Back in 2012 PLOS Computational Biology began an experiment that aimed to combine the prestige and rigorous peer review associated with publishing in a scientific journal and the dynamic nature and easily accessible language of Wikipedia. Over two years and six articles later, today sees the launch of PLOS Computational Biology’s Topic Pages Collection with the publication of the seventh Topic Page, “Multi-state Modeling of Biomolecules”.
Topic Pages aim to fill the gaps in current computational biology topics on Wikipedia. New submissions are drafted and undergo open peer review on a publically-viewable PLOS Wiki. Once a Topic Page is accepted, a static, citable version is published in PLOS Computational Biology and indexed in PubMed, while, under the guidance of one of the journal’s Topic Pages Editors, Daniel Mietchen, a living version of the document is uploaded to the corresponding Wikipedia article.
“I was fascinated by the idea of spreading knowledge through Wikipedia and its cross linking capabilities, and thought that it was absolutely essential that experts in the field of computational biology and bioinformatics (as well as other fields) be more actively and widely involved in the process,”
says Topic Pages Editor Shoshana Wodak, who has overseen the review process for all seven articles.
“Having the Topics pages rigorously reviewed is a guarantee of quality, which Wikipedia contributions usually don’t have, and their concomitant publication in a respected journal offers authors the incentive to do the work. It also offered us the possibility of increasing the transparency and efficiency of the reviewing process, by allowing [and] encouraging reviewers to engage in a direct dialog with the authors.”
“As scientists, it is our duty to pursue knowledge, but it is also our duty to share this knowledge with the world…I also like the fact that a Topic Page is less static than a traditional review article. Once it is published, it acquires a life of its own: People can add to it, amend it and alter it to reflect the latest developments in the field. This is a tremendously exciting process.”
“Learn to love the wiki environment. While the syntax can be a bit difficult at first, collaborating on a wiki page is much easier than trying to shuffle Word documents back and forth. I would also caution authors to avoid viewing the paper possessively, but to consider it a community project from the start. After publication, your Topic Page will most likely receive significant edits. This is a good thing, but it requires being a bit humble about your own writing skills.”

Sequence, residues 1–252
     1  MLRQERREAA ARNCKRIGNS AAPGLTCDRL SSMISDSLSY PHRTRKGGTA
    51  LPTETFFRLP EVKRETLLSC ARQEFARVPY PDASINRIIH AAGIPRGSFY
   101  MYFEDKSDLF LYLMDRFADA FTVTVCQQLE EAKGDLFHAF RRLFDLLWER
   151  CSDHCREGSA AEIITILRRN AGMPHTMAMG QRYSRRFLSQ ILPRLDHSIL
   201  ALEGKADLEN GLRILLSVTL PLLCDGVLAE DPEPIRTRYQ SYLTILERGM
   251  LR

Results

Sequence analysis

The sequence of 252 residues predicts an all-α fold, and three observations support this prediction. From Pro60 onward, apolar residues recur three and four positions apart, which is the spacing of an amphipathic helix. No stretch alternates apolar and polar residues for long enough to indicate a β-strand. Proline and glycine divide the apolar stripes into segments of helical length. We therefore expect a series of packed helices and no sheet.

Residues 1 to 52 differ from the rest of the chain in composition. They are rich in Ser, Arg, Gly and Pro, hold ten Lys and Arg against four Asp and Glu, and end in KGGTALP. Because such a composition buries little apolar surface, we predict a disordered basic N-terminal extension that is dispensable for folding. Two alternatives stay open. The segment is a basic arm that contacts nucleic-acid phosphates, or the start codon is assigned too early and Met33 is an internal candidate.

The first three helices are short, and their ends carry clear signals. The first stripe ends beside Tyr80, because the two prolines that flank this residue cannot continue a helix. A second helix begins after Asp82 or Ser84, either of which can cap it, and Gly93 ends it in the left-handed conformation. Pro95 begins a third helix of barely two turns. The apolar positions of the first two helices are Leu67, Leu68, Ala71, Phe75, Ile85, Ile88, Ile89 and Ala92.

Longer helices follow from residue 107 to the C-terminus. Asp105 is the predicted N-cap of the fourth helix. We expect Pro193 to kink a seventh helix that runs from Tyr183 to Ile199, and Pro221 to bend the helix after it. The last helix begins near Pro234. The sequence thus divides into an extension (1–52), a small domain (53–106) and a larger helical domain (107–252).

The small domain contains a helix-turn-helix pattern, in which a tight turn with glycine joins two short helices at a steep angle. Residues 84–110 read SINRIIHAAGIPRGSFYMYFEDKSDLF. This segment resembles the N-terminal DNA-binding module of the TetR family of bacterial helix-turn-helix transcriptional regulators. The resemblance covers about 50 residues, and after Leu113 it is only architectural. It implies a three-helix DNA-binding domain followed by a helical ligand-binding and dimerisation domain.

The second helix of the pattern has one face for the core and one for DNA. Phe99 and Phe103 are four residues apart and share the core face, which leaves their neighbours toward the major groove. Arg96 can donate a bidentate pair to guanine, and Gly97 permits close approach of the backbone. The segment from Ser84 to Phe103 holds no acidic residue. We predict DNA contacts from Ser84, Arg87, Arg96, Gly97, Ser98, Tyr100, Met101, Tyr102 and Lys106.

Finally, Topic Pages Editor Daniel Mietchen offered his thoughts on possible future paths the initiative could take:
“In principle, [the] direction [I would like to see] would be “higher, further, faster”: higher community engagement (e.g. through more Topic Pages, or more functionality, e.g. a prominent “Edit on Wikipedia” button, or links to Wikipedia from all PLOS abstracts), further journals (both within and beyond PLOS), and faster processes – even ignoring for a moment the problem of finding reviewers (which affects all journals, not just at PLOS), the publication process at PLOS (which is reasonably fast by industry standards) is very slow from a wiki (which means “quick”) perspective.
Another important direction to aim at would be to try to come closer to the workflows of researchers by publishing media files or data-related notes as Topic Pages tailored to Wikimedia Commons or Wikidata. The issue images at PLOS journals already go in this direction…”
With two more Topic Pages currently in peer review, the project is still looking for additional proposals; take a look at the author guidelines and get in touch at ploscompbiol[at]plos.org if you would like to be involved.
This post was authored by Arielle Bennett, Publications Assistant at PLOS Computational Biology.